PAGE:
Future research should also consider that an edge plays a very small role in the network because the weight of an edge decreases with time and reaches a minimum threshold. It can be directly subtracted to save time and space. In this way, a minimum threshold is set for the weight of edges. Future research could apply this algorithm to the study of dynamic protein sequence data.

Conclusions

To consider the influence of historical data on current protein evolution data, a dynamic protein network model based on the attenuation coefficient is proposed. In this model, rather than simply generalizing the presence or absence of proteins at each time point, a dynamic protein network modeling method based on the attenuation coefficient is used to record the changes of proteins in the process of biological evolution according to their corresponding occurrences. In the proposed model, the traditional key node search method, the h-index algorithm, which neglects neighbor attributes, is improved. The cumulative function is used to account for the varying degrees of the attributes of neighboring nodes, which improves the accuracy of the search for essential proteins. To verify the validity of the method, different key node search methods were applied to a dynamic protein network. The experimental results show that the model established by the IH-index method is more convenient for accurately identifying essential proteins.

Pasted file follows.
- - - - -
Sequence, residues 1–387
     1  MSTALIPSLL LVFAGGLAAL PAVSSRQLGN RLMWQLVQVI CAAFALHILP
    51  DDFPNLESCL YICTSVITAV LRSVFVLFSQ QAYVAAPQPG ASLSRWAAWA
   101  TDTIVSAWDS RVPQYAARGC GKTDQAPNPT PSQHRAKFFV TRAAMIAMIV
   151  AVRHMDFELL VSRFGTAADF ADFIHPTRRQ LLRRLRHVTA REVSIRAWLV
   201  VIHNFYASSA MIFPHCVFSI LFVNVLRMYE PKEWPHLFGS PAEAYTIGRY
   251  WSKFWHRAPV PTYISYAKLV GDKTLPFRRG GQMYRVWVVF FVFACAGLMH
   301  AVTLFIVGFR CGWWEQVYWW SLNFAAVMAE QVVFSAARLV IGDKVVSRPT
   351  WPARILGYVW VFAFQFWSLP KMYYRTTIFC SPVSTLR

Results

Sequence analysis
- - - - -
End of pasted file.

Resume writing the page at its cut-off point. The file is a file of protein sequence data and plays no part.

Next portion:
Availability of data and materials

The datasets used during the current study are available in:

DIP:http://dip.deo-mbi.ucla.edu/dip/Stat.cgi,